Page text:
JCPS suspends some bus routes amid driver shortage, absences - WDRB 41 Louisville News

JCPS suspends some bus routes amid driver shortage, absences

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A JCPS bus driver gets ready to drop students off in the Portland neighborhood on Dec. 1. (WDRB file photo) A JCPS bus driver gets ready to drop students off in the Portland neighborhood on Dec. 1. (WDRB file photo)

LOUISVILLE, Ky. (WDRB) -- A high number of absences by Jefferson County Public Schools bus drivers in the past week has twice led to some of the district's students being given tickets to ride TARC buses to and from school.

District officials say they had 180 bus drivers absent on Friday and another 150 drivers absent on Monday, which led JCPS to cancel nine routes to and from the district's alternative schools on Friday and the cancellation of two routes on Monday.

The absences, combined with the fact that JCPS is short about 50 drivers, caused students from Minor Daniels Academy and Breckinridge Metro High School -- to either take a different school bus route or take a TARC bus, said Allison Martin, a JCPS spokeswoman.

"Families were informed that they could either meet another bus at a different route, or that TARC tickets would be made available for them to use," she said. 

The district has approximately 1,100 bus drivers. On average, about 120 are absent each day for a variety of reasons -- including sick leave or vacation.

Martin said when there are a high number of bus driver absences, the first routes canceled are those assigned to the district's alternative schools because they have the least number of students who ride the buses.

"In addition, students who ride those routes tend to change more frequently because alternative schools are a temporary assignment," she said.

One parent tells WDRB she started noticing a problem before winter break.

"My son would go out to the bus stop, sit out there for 20-30 minutes and the bus would never come," said Jamie Denton, whose 14-year-old son is assigned to Minor Daniels Academy. "After calling the bus compound and the school, I found out it was because they did not have enough bus drivers."

Denton, who lives in Park DuValle neighborhood, said the bus compound told her in January to "call each morning to see if there would be a bus available that day."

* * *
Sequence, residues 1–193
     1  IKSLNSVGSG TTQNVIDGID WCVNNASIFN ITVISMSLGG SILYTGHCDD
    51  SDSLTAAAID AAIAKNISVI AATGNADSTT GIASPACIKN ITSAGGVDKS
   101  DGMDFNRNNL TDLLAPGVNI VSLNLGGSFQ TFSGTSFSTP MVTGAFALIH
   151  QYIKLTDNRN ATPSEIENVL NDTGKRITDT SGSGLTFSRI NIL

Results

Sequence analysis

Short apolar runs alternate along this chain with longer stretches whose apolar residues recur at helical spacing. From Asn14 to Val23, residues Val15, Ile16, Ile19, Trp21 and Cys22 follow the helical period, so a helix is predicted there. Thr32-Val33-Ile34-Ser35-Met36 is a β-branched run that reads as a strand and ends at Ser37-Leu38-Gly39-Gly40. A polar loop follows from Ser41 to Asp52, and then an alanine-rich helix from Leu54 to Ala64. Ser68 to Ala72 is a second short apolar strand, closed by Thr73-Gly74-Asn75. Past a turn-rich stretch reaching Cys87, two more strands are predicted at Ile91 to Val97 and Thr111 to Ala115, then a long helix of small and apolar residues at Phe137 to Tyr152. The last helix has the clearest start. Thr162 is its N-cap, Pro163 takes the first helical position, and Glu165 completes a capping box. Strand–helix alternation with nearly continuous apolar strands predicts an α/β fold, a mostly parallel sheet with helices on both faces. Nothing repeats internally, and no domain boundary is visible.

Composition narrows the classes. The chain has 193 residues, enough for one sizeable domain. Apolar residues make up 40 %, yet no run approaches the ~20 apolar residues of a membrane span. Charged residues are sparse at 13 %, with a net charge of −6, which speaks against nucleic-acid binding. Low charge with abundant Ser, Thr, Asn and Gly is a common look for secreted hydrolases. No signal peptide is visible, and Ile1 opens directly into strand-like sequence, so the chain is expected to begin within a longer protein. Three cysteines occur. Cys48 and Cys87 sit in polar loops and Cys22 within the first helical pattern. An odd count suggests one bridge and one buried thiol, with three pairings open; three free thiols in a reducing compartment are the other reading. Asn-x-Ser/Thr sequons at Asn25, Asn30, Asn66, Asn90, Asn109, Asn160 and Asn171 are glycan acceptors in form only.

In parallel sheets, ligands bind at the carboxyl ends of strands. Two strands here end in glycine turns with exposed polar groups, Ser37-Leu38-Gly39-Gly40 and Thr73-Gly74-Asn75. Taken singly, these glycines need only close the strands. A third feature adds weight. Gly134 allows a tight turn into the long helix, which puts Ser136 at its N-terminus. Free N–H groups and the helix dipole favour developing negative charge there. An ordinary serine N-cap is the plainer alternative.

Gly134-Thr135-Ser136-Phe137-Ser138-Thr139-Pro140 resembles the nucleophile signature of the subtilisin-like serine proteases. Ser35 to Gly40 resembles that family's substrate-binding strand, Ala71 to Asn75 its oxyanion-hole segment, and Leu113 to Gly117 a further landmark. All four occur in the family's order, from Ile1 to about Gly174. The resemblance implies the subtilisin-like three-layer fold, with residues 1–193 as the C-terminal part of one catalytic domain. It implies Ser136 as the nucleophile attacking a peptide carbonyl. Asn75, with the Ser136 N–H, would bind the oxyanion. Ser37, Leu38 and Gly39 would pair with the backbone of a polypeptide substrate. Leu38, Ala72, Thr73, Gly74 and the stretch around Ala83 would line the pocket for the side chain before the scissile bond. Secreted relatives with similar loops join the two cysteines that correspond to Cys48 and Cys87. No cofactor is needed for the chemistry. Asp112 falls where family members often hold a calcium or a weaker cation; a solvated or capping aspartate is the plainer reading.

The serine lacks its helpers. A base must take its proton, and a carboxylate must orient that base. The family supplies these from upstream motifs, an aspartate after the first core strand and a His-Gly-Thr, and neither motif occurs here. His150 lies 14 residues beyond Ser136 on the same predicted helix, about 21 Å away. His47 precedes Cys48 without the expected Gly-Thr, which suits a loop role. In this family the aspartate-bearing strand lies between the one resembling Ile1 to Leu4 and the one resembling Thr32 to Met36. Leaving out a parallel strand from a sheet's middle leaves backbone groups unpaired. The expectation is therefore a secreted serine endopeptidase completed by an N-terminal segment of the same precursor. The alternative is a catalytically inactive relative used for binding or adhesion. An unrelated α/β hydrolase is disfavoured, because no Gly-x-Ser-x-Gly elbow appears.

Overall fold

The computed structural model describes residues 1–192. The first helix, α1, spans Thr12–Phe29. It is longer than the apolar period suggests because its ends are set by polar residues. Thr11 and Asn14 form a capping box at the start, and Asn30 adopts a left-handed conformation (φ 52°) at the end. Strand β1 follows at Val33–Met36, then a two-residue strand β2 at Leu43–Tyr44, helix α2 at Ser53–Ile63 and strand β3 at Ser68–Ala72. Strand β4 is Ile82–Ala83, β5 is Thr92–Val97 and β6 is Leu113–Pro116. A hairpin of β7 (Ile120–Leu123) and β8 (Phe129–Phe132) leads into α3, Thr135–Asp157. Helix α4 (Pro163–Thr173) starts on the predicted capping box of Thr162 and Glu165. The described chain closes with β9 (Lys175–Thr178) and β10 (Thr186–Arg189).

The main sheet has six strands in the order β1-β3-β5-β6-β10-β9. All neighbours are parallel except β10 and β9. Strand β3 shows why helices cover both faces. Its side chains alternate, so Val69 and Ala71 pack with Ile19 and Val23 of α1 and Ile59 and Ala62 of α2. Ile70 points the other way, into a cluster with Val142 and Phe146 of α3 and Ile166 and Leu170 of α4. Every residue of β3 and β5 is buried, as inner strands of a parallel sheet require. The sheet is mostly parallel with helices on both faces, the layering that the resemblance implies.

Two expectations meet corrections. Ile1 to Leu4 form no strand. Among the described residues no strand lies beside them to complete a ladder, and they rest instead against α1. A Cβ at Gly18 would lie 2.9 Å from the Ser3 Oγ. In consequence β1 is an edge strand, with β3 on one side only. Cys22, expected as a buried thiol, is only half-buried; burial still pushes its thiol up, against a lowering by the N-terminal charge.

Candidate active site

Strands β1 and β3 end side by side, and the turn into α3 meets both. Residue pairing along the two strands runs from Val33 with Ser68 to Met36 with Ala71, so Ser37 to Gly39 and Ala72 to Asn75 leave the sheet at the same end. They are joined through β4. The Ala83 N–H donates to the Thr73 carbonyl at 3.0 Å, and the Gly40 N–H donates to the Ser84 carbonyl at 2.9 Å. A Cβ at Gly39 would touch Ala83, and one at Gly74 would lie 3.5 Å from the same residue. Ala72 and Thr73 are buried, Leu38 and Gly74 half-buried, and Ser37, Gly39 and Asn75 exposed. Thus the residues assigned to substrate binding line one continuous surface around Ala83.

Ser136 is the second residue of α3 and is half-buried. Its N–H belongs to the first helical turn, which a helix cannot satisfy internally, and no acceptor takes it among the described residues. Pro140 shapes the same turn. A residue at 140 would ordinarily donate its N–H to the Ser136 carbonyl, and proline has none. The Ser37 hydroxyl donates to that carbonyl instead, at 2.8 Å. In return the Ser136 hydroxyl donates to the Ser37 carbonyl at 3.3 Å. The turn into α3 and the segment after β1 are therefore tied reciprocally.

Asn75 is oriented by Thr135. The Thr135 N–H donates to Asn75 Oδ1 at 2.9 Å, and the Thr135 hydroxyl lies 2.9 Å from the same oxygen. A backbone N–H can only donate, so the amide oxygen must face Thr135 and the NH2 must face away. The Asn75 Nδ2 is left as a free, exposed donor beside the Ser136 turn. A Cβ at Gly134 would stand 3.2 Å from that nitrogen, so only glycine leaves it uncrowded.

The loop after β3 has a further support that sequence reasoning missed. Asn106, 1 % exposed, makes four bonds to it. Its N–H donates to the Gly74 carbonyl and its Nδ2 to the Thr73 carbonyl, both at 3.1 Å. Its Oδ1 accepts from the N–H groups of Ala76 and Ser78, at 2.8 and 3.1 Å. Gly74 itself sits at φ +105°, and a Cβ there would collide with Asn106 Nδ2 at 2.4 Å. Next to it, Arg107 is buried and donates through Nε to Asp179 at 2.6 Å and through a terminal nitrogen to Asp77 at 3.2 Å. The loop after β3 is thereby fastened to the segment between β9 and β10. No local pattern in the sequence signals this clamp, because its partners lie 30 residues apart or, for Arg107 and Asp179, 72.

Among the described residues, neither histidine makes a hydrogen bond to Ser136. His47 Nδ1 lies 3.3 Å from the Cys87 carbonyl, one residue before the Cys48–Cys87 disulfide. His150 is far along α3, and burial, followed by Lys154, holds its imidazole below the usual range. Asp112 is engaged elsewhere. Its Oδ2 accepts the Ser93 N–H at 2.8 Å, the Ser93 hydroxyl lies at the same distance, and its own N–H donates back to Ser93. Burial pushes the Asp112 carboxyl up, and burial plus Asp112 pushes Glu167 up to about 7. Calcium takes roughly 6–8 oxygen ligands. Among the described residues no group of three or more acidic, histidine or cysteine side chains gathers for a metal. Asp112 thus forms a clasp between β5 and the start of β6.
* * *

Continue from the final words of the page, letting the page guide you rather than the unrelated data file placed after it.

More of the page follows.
Then last week Friday, she got a text alert from Minor Daniels Academy, informing her that students who ride bus numbers 575, 756, 827, 828 and 830 should call the school. When she called, the school told her that her son would be taking a TARC bus home.

On Monday morning, Denton received another text stating that bus numbers 827, 575 and 756 would not be running in the morning or the afternoon.

"I don't know if it's because the drivers are out sick or if it's because of all the problems they have been having on buses lately," she said. "But it concerns me because some days he is getting to school late and I don't want him to be considered truant."

Martin said that if a student is late due to a district transportation issue, they are not considered truant or tardy.

As WDRB has been reporting throughout the past few months, some of the district's bus drivers are struggling to control fights and other disruptive student behavior on buses.

The problems come at a time time when officials were struggling to fill dozens of jobs held by bus drivers who have resigned or retired.

Earlier this week, it was announced that a pilot program to place volunteer monitors on some of JCPS' most challenging bus routes is expected to begin later this month.

Michael Raisor, JCPS chief operations officer, said the district is looking at a number of solutions to help combat the small percentage of students who misbehave.

WDRB investigation found that two-thirds of the discipline referrals written by JCPS bus drivers involve students who ride only 5 percent of the district’s 964 bus routes. Of the 2,763 bus referrals written through the first 70 days of the 2015-16 year, 1,830 of the referrals came from the 50 routes previously identified by the district as the most ‘challenging’ in Louisville. 

Martin said the district is trying its best to fill its bus driver ranks. 

"We are holding job fairs to recruit bus drivers," she said, adding that 16 drivers are currently going through training and should be on the road soon.


Reporter Antoinette Konz covers K-12 education for WDRB News. She can be reached at 502-585-0838 or @tkonz on Twitter.

Copyright 2016 WDRB News. All rights reserved.

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